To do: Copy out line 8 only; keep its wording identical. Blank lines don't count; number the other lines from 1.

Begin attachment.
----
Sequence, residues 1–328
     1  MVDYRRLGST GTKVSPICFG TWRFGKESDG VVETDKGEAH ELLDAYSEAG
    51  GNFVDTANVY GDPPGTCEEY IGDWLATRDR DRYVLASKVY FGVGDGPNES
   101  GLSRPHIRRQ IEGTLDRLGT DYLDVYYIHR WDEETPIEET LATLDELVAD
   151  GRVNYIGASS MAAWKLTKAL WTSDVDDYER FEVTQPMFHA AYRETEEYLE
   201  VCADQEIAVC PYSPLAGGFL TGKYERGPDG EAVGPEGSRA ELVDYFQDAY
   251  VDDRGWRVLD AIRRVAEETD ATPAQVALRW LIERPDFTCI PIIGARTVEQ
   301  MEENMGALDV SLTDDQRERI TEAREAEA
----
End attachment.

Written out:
   301  MEENMGALDV SLTDDQRERI TEAREAEA